o-THE-OTHER-WOMAN-facebookThough female centric comedies have been something of a triumph of late, with the likes of Bridesmaids illuminating the big screen and TV series such as Girls doing much of the same on the smaller one, regrettably Nick Cassavetes’ The Other Woman misfires, playing up to the notion of empowerment in an all too contrived, and cliched fashion.

Cameron Diaz plays Carly, a successful lawyer who starts to fall for the handsome businessman Mark (Nikolaj Coster-Waldau). However when hoping to surprise him at his home, she discovers he has a wife, Kate (Leslie Mann), who is blissfully unaware of her husband’s misdemeanours. As the pair discover they are both being cheated on – they join forces to seek revenge on the arrogant adulterer. Then they meet Amber (Kate Upton), and discover they aren’t even the only ones…

The Other Woman is effectively just one idea stretched out into an elongated feature, without the legs to quite sustain such a running time. While there are some brilliantly funny moments scattered around, we find out about the affair too soon into proceedings, as the entire middle section is then filled with our protagonists plotting their revenge, and it becomes somewhat tiring. Fortunately for Cassavetes and writer Melissa Stack, we do remain on board until the bitter end, managing to not let the tedium get the better of us, given the inevitability of the finale where we anticipate Mark’s comeuppance. As a distinctively detestable figure, it’s something of an incentive to carry on.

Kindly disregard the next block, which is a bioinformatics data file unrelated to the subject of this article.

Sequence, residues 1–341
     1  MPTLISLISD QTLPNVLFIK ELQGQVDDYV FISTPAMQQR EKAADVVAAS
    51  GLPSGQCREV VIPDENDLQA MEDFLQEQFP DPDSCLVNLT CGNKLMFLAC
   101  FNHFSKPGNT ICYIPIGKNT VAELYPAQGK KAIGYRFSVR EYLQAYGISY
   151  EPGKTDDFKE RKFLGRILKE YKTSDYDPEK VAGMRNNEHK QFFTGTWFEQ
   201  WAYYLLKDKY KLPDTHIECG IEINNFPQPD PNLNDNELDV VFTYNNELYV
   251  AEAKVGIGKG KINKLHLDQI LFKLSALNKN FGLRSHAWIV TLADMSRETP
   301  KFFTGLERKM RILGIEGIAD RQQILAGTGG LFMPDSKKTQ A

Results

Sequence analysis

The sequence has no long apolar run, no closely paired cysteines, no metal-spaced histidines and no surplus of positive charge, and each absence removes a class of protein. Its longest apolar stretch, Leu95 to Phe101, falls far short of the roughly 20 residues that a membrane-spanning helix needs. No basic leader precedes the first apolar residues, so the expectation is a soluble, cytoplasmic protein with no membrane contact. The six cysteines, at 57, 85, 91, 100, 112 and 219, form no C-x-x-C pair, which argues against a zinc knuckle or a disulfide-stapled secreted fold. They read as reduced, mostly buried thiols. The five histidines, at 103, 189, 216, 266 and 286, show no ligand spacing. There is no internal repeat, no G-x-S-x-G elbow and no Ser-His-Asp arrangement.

Coster-Waldau plays a womanising, cheating swine with such conviction, embellishing upon roles he has played in the likes of Headhunters and Game of Thrones, mastering that steady blend between charm and slimy promiscuity.As a result his casting is spot-on, as not only is he an accomplished actor, but you look desperately forward to his demise. Meanwhile, while much of the press surrounding this picture is aimed in the direction of Diaz, and newcomer Upton – it’s Mann who completely steals the show. She’s brilliantly erratic, and while it can a little overbearing in parts, she’s not only the funniest of the trio, but the most vulnerable and empathetic. As for Upton’s fledging career in acting, well, the less said the better.

Though the laughs are somewhat cheap, The Other Woman remains an easy to indulge in comedy, if a little conventional. The revenge they scheme epitomises such a sentiment, as the three girls antagonise their victim by slipping laxatives into his drink. Really? It’s the most cliched, go-to comeback we see in cinema. If the filmmakers think we’re easily pleased to the extent that we simply laugh at the sounds of farts and pooing, then they really need to wise up. Okay, okay, it is a little bit funny.